State in push for affordable cancer drug
Department of Health was hoping to finalise its negotiations with Swiss pharmaceutical firm Roche to cut the price of its breast-cancer drug Herceptin by November 2017
The Department of Health was hoping to finalise its negotiations with Swiss pharmaceutical firm Roche to cut the price of its breast-cancer drug Herceptin by November 2017, with a view to enrolling the first patients in January 2018, a senior official told Business Day on Sunday.
Concluding these talks is essential for delivering on the promises made in the government’s new breast cancer strategy, which for the first time recommends that eligible patients receive trastuzumab, the active ingredient in Herceptin.
The strategy, published on Friday, says trastuzumab should be provided to patients with HER2 tumours at three weekly intervals for a year. But it contains a caveat, saying it must be affordable and not come at the expense of cutting other healthcare services.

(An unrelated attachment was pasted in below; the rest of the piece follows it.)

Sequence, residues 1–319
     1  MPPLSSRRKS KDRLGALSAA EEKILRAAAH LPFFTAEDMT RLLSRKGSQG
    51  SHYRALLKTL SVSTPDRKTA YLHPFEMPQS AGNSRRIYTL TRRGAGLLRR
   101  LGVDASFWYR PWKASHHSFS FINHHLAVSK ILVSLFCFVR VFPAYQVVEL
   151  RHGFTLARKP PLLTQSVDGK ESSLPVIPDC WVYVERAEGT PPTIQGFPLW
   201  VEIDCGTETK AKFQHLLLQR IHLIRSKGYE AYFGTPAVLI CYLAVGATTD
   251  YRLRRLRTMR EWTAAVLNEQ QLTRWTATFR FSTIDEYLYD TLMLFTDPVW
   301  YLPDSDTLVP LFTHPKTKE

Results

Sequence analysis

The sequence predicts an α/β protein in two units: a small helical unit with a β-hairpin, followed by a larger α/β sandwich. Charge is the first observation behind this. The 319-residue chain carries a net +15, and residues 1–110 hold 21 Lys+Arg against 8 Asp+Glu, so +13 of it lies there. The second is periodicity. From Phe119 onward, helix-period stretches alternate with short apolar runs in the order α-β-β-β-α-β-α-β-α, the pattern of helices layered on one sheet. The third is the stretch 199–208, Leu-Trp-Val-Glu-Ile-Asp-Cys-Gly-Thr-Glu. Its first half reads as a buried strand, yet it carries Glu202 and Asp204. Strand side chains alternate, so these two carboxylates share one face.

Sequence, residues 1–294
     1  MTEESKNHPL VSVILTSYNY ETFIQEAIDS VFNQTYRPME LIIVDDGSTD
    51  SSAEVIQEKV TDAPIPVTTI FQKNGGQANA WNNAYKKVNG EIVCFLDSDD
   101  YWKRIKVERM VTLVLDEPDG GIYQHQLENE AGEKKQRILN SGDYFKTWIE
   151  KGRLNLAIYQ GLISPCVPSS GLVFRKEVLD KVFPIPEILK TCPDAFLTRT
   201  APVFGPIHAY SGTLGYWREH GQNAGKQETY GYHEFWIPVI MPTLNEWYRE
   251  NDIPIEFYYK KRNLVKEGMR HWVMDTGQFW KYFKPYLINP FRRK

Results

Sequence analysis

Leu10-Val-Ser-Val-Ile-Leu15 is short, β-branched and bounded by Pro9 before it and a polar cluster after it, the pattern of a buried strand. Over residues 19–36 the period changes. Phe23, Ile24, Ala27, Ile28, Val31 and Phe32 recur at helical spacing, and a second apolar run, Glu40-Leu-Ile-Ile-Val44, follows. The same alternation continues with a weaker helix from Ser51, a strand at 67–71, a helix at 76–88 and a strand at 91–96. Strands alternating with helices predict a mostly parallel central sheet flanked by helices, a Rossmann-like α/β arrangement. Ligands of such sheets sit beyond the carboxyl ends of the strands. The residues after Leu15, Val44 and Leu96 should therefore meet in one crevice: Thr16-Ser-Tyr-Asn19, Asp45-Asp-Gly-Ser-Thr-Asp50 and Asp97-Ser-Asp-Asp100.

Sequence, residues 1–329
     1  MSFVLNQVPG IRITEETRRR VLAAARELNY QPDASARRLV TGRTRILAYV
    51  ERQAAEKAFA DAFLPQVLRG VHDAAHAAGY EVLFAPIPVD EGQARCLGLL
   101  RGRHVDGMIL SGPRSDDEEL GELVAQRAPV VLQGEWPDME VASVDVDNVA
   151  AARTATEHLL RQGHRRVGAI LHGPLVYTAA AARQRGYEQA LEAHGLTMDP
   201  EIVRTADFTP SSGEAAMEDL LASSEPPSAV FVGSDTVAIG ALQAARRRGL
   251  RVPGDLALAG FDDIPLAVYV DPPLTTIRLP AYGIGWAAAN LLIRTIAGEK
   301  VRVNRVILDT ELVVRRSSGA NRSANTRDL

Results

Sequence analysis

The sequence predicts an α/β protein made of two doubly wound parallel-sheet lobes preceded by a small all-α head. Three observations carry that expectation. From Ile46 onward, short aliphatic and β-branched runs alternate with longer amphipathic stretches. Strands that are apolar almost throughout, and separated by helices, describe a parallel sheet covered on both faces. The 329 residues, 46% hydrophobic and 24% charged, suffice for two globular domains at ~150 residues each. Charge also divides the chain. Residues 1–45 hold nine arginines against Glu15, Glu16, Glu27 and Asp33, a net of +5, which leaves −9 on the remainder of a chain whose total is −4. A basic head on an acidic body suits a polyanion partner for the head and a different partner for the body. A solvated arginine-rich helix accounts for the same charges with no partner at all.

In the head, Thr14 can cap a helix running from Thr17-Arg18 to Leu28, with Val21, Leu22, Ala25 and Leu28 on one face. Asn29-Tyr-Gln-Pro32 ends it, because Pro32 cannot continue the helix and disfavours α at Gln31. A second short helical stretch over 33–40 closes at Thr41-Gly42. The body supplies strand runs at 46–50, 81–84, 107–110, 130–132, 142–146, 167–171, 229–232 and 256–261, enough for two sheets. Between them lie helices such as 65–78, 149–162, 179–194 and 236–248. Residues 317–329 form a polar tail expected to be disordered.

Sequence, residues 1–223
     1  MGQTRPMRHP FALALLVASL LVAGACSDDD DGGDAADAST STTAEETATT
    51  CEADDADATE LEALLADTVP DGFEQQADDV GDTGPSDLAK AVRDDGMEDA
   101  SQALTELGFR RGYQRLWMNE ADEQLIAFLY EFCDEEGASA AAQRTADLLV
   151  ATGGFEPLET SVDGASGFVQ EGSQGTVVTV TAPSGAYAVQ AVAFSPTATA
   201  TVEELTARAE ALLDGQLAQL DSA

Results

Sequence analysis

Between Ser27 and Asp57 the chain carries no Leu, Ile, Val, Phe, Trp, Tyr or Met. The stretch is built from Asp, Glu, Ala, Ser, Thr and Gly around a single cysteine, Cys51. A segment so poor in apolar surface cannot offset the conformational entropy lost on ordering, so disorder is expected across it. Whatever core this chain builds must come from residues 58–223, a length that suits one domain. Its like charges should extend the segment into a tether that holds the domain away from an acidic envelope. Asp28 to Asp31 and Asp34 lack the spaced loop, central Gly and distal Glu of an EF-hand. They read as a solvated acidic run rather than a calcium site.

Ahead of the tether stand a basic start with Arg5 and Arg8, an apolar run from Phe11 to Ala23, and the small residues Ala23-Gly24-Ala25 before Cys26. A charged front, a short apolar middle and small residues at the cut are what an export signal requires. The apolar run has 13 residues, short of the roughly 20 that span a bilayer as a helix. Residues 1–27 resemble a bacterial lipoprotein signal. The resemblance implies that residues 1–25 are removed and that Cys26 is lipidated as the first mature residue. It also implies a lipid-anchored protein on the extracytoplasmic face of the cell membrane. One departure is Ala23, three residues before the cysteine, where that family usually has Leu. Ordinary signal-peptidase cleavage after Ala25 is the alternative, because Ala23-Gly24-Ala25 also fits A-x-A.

"The key issue is funding. We will not be paying what the private sector pays," said the department’s deputy director-general for HIV/AIDS, tuberculosis and maternal and child health Yogan Pillay.
The Fix the Patent Laws Coalition estimates that a year’s treatment with Herceptin costs R465,392 per patient in the private sector. The high price tag means many medical schemes will not pay for it.
The provision of trastuzumab in the state sector thus has implications for private sector patients as it will put pressure on medical schemes that do not pay for the drug to demonstrate why they cannot afford it, said Board of Healthcare Funders head of benefit and risk Rajesh Patel.
Pillay said the department was negotiating with other pharmaceutical manufactures to lower their prices to help offset the cost of trastuzumab.
Generic drug manufacturer Mylan had applied to the Medicines Control Council to register its trastuzumab biosimilar, but it had yet to be approved, Pillay said.